WASHINGTON – U.S. Rep. Axne (IA-03), member of the House Agriculture Committee, questioned Chairman and CEO of the Farm Credit Administration (FCA), Glen Smith, on the rising amount of farm debt and farmers turning to alternative lenders who charge far higher interest rates at Tuesday’s Committee hearing.
“I have serious concerns about the level of debt our farmers have,” Rep. Axne said. “Farm debt is projected to hit $416 billion this year, and the $19 billion of farm debt that Iowans have is the highest in the nation. And this level of debt has consequences: the Farm Bureau reports that farm bankruptcies rose 24% compared to a year ago. Additionally, a recent study from Iowa State University classifies 44% of Iowa farmers as financially vulnerable.”
Rep. Axne also raised concerns over a recent report on a rise of farmers turning to alternative lenders outside of the Farm Credit System or traditional banks. These lenders can provide a lifeline for farmers, but often come with stricter terms and higher rates. One such loan carried an interest rate above 30% and required daily automatic withdrawals for payments. Rep. Axne asked Chairman Smith if he has seen an increase in farmers going outside of traditional banks or the Farm Credit System for loans.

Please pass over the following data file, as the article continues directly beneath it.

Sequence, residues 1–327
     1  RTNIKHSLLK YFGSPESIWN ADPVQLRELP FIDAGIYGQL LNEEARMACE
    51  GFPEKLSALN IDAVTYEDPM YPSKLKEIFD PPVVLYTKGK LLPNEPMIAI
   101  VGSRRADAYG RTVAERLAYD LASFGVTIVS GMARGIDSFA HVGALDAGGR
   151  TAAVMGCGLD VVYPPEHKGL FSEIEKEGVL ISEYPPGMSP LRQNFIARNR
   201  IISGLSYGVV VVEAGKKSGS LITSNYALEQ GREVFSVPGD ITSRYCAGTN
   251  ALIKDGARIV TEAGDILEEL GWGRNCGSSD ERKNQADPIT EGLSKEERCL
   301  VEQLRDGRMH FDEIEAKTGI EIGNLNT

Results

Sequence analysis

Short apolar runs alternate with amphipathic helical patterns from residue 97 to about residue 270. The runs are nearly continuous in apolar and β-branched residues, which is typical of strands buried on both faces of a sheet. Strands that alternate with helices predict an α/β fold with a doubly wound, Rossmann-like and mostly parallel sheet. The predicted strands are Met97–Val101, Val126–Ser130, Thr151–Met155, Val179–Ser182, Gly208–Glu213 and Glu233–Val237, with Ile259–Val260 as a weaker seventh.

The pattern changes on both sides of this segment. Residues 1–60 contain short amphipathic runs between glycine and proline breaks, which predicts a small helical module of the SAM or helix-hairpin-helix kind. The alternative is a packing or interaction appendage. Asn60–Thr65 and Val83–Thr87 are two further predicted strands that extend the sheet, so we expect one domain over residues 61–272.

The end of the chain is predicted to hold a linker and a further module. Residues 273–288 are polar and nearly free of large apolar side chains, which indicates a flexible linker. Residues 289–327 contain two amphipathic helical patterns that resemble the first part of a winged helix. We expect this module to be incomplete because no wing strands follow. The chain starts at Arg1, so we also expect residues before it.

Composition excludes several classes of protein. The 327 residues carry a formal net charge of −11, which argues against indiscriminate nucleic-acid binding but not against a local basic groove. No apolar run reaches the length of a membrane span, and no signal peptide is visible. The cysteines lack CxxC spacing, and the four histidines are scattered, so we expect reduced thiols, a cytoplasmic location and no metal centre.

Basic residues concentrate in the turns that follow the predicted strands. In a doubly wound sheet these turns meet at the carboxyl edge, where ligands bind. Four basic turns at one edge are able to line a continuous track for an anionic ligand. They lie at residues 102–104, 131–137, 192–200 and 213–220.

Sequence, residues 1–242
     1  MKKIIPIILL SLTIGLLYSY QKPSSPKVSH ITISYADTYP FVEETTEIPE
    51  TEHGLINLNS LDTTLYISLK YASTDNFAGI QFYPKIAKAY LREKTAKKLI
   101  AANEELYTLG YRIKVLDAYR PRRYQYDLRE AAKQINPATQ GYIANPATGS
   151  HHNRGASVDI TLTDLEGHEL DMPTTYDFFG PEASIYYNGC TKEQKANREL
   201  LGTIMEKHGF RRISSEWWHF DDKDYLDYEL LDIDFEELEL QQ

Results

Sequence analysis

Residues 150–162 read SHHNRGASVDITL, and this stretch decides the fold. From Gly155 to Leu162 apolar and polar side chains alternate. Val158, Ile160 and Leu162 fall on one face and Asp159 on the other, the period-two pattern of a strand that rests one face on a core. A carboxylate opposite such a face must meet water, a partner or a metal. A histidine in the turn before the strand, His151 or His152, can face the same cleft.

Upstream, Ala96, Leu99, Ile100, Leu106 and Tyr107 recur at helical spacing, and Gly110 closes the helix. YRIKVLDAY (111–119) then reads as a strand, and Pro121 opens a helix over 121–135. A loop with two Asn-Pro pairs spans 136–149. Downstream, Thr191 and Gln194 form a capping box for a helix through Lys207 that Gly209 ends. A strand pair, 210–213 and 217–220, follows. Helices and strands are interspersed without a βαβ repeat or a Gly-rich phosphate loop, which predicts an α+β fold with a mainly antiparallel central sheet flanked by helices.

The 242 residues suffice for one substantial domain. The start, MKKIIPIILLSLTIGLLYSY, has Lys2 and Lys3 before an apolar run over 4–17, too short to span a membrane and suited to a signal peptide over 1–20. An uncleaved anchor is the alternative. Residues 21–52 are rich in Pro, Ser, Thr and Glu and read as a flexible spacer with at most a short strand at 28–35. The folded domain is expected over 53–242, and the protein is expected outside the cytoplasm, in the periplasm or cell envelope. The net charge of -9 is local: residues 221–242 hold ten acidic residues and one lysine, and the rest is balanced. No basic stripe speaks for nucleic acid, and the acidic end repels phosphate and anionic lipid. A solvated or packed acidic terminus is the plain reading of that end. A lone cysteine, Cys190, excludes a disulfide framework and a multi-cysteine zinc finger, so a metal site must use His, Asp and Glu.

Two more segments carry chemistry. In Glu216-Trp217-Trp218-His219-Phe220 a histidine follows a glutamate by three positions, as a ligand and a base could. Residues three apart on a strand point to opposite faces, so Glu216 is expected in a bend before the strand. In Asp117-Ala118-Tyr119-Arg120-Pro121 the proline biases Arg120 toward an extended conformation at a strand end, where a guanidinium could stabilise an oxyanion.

“Yes, unfortunately we have,” Chairman Smith responded. “I describe them as payday lenders because of some of the interest rates that have been charged… It’s deeply concerning. It’s deeply concerning the security interests that these alternative lenders are taking that might have an impact on long-term lending that the banks and the system might be holding, as well. So yes, to answer your question, we’re seeing an increase and it is a concern.”
At the beginning of the hearing, Rep. Axne introduced Chairman Smith, a native of Atlantic, Iowa, to the committee. Glen was designated Chairman and CEO of the FCA on July 17 and has served as a member of the FCA board since December 2017. Glen was raised on a diversified crop and livestock farm and graduated from Iowa State University with a degree in agricultural business. Today, their family farm, Smith Generation Farms Inc, encompasses 2,000 acres devoted to corn, soybeans, hay, and a beef cow herd.